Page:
This was from my old blog entry from way back November 2006 and remembered how easy it was to fool SQL Server when trying to replace disks. I was configuring a clustered SQL Server 2008 on a Windows Server 2008 and testing the disk resources for failover. I tried failing over one of the disks and it went out pretty well. The next disk resource that I failed over happened to be the one containing the system databases. To my surprise, it did not failover to the other node causing the SQL Server resource to fail as well. It took me quite a while figuring out that the disk subsystem is somehow corrupted (good thing it was just a test environment) so what I ended up doing was recreating a new disk subsystem and redefining it on my cluster using Failover Cluster Management. I made it available on my SQL Server 2008 resource. I knew I would definitely have downtime as I need to bring down the SQL Server cluster resource. Here’s what I did – I brought the SQL Server resource offline, copied the contents of the original disks that contain my system databases to the new disk resource, changed the drive letter of the original disk to something else and rebooted the node that originally hosted the disk resource that is failing. Once it is up, I can reuse the same drive letter to the new disk resource which now has the original system databases. When I brought te SQL Server resource back online, it’s as if nothing had happened (except, of course, for some errors in the Clustering error log).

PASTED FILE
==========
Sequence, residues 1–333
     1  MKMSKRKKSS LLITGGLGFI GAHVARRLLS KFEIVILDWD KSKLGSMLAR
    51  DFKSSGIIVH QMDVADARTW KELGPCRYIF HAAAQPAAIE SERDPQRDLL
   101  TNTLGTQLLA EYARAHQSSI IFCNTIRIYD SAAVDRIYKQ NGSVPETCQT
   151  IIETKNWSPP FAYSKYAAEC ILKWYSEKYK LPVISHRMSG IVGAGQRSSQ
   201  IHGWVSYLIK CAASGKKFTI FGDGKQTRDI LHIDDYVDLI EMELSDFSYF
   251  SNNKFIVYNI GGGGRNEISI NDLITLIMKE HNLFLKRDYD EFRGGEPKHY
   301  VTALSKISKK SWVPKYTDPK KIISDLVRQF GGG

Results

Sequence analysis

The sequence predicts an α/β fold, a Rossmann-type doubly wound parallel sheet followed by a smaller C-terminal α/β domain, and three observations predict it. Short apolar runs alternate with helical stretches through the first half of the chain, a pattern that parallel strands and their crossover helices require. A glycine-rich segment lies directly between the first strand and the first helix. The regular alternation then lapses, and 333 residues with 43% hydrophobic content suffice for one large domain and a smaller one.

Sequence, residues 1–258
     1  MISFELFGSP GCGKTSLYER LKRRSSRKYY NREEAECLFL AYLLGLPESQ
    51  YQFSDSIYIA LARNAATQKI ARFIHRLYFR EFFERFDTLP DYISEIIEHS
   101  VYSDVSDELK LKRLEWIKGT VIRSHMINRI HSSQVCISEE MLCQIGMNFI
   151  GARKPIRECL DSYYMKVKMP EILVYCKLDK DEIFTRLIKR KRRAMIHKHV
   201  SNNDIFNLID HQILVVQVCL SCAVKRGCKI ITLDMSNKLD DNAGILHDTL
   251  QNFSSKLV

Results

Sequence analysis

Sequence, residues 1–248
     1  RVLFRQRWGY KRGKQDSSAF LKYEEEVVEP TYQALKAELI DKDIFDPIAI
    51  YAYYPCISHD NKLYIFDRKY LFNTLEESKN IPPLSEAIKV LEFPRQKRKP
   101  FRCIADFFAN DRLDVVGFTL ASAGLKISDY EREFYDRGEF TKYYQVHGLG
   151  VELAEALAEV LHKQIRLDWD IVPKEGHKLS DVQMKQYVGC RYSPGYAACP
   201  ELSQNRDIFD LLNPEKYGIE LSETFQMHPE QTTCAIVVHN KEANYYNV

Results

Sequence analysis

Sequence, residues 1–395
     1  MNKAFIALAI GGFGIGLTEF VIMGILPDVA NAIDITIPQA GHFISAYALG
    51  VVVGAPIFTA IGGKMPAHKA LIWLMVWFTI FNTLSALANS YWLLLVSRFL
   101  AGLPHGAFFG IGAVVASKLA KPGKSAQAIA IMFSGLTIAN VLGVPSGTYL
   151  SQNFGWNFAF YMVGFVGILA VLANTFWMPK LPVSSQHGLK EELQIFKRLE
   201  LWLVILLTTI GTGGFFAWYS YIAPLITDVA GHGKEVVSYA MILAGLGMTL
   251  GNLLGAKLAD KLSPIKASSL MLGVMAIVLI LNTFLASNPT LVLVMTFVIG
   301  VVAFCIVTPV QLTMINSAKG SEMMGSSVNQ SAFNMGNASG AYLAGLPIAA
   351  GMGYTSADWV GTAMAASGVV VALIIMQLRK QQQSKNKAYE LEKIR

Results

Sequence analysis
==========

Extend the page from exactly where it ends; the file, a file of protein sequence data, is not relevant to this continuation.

Note that this is definitely not a substitute to a valid backup and restore process for your SQL Server databases. All I’m saying is it just works